Training articles

4 easy ways to improve your indoor cycling power

Interested in putting a little more power into your indoor cycling workouts?

If so, you've probably heard many recipes and hundreds of tips, many of which you must have tried. But are they really effective?

I have also had to try a few and I have realized which ones really work. Therefore, in this article I have decided to share them with you so that you do not continue wasting time on tests.

How about? Do you want to hear them? Let's get started then.

About potency

We already know that power is an objective measure that is expressed with the following formula:

Power = Stamina x Cadence

It is simple to realize that it depends on:

  • La fuerza (torque) exerted on the pedal.
  • La speed (cadence) with which we rotate it.

La we measure in watts and it is a way to quantify external load, unlike internal load we measure in VO2 or heart rate. We can say then that both variables are complementary to measure performance.

The power, Unlike the heart rate, it is not so influenced by external aspects such as dehydration, sleep quality, temperature or diet, but rather It depends on the physical condition of the user.

So let's move on to my favorite and effective ways to improve power by working on your fitness.

4 simple ways to improve your potency

If you've followed me here, it's about time we got down to business. Here are my four secrets:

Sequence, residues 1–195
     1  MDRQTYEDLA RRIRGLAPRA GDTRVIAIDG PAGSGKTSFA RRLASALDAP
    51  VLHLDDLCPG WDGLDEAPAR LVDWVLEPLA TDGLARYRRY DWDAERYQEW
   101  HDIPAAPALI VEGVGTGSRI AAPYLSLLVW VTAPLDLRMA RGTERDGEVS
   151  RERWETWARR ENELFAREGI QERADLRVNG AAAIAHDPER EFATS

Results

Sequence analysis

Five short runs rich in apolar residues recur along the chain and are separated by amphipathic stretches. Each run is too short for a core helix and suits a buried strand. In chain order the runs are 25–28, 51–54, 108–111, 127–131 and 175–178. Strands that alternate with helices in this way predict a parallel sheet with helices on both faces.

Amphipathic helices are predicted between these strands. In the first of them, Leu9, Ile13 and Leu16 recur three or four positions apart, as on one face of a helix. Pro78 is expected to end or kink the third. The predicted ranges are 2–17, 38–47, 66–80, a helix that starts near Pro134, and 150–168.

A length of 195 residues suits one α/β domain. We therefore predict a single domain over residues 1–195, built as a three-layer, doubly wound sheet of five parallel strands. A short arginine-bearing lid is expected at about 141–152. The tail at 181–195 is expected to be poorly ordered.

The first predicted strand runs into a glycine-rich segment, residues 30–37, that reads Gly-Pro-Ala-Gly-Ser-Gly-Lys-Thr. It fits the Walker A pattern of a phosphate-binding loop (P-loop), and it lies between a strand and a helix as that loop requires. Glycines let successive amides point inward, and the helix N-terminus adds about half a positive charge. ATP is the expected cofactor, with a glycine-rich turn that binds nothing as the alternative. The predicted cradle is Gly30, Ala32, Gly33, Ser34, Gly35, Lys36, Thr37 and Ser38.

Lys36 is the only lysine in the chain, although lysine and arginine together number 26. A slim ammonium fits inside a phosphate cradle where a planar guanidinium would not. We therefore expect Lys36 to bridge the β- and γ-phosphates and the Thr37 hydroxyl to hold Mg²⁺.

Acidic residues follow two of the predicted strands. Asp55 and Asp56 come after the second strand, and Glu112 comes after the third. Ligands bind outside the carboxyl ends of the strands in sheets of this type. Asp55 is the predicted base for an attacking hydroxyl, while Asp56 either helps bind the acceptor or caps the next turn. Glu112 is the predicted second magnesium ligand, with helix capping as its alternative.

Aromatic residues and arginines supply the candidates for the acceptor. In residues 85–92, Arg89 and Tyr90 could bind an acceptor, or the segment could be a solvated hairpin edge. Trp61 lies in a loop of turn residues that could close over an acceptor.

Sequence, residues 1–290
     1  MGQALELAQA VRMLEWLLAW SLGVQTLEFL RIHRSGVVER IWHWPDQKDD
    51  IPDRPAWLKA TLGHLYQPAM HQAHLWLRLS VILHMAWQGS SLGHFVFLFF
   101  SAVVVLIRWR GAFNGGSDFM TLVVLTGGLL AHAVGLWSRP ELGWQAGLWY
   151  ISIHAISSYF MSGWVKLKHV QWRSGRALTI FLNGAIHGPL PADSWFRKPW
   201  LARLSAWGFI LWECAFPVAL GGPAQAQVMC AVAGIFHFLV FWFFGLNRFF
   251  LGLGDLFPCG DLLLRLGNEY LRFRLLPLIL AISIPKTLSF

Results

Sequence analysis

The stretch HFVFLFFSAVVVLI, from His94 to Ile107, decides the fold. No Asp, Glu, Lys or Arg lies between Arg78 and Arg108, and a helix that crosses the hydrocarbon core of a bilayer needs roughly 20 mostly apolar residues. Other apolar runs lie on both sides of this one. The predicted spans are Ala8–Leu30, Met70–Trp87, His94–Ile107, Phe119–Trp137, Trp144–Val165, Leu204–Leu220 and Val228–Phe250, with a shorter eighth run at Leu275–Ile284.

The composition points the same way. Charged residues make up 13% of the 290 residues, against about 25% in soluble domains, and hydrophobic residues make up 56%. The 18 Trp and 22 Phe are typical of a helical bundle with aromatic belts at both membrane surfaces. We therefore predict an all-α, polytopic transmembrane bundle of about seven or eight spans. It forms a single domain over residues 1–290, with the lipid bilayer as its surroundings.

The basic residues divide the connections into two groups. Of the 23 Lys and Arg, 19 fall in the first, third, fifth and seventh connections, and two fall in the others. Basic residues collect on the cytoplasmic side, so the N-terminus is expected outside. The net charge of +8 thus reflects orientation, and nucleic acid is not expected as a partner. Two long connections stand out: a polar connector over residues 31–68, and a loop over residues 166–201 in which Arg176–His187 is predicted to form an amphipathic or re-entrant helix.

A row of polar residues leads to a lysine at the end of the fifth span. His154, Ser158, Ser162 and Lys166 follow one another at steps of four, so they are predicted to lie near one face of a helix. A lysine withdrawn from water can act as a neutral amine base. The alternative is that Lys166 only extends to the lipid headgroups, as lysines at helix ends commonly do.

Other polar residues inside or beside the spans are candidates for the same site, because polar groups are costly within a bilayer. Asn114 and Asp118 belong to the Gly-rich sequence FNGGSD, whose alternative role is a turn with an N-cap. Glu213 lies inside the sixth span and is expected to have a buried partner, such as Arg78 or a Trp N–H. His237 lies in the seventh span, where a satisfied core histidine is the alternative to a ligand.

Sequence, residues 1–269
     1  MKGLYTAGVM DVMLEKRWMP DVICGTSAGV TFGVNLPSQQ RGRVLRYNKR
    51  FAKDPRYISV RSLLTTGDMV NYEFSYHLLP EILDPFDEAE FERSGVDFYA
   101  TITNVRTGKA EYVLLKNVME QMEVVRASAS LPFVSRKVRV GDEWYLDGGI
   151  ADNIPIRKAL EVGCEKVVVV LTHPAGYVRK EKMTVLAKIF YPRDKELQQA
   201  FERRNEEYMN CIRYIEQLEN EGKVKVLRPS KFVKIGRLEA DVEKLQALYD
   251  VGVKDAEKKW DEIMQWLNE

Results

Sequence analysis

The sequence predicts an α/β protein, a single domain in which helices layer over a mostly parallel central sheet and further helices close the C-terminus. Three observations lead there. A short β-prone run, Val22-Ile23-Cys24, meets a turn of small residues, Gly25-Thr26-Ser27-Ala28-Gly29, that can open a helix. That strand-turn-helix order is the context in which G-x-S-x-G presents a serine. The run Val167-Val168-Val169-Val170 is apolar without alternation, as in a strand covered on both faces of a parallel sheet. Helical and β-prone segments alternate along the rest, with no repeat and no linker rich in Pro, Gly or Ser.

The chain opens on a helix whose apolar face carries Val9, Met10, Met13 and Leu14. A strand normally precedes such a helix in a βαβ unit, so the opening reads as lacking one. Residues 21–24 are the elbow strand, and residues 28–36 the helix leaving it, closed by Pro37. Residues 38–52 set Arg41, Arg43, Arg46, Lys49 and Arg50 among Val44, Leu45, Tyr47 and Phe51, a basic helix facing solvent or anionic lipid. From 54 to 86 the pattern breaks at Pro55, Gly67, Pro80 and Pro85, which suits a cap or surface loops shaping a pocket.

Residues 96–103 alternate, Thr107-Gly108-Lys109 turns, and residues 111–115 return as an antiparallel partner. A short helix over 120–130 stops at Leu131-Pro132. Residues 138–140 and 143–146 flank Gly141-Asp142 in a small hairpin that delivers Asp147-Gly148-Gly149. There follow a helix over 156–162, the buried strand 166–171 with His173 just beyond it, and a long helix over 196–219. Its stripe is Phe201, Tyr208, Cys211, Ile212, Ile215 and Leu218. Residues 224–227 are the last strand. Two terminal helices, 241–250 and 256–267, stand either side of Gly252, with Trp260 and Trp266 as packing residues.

1. Bet on active recovery.

Recovery between intervals of intense work is a strategic part of your training, especially when it comes to power.

It happens that a passive recovery, that is, one in which you rest between intervals, seems less effective when it comes to increasing power and a research has shown it.

Fifteen cyclists participated in three speed interval training sessions three to seven days apart over a month. In each session they did six 30-second sprints.

Each sprint was followed by four minutes of passive (resting still) or active (pedaling at 1,1 W / kg) recovery. The same recovery was used in each session and the type of recovery was randomly assigned to each of them.

The results indicate: "Active recovery resulted in 0,6 W / kg lower peak power output in the second sprint and 0.4 W / kg higher output in the fifth and sixth sprints".

Therefore, active recovery better maintains average power output compared to passive recovery when running multiple sprints sequentially.

2. Train at lower resistance with higher cadences.

Many cyclists especially when training on the road use the well-known recipe of train on climbs and the truth is that it works, but it is not the only alternative.

When we pedal on spinning bikes, the climbs are replaced with resistance or load, right? You put in adequate resistance and start pedaling harder, just like you would on a steep road.

Well, it happens as you already know, that in the formula of power the more resistance, lower cadence and therefore higher power in general. Then, I propose to train your power in a different and very effective way.

Work with power ranges.

For example, on your indoor bike or even on rollers if you use your traditional bike, perform series of between four and eight intervals of between three and five minutes each, with a cadence of 110-120 rpm at maximum power.